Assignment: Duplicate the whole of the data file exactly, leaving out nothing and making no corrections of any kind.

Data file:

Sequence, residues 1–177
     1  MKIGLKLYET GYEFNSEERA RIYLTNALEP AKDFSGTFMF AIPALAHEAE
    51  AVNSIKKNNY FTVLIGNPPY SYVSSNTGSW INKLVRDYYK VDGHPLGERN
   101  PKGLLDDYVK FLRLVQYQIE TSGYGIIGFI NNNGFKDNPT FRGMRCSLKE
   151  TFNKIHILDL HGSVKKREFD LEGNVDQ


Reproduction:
Sequence, residues 1–177
     1  MKIGLKLYET GYEFNSEERA RIYLTNALEP AKDFSGTFMF AIPALAHEAE
    51  AVNSIKKNNY FTVLIGNPPY SYVSSNTGSW INKLVRDYYK VDGHPLGERN
   101  PKGLLDDYVK FLRLVQYQIE TSGYGIIGFI NNNGFKDNPT FRGMRCSLKE
   151  TFNKIHILDL HGSVKKREFD LEGNVDQ